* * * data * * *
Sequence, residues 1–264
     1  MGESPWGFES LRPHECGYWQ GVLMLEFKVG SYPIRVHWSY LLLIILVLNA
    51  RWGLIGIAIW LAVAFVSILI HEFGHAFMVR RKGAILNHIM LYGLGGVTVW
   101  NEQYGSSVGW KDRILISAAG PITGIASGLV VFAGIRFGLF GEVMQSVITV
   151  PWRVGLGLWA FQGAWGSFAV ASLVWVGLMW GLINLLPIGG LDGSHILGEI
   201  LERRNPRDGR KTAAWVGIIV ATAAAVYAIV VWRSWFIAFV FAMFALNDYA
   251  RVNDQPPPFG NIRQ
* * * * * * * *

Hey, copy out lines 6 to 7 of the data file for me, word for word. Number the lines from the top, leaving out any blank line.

   201  LERRNPRDGR KTAAWVGIIV ATAAAVYAIV VWRSWFIAFV FAMFALNDYA
   251  RVNDQPPPFG NIRQ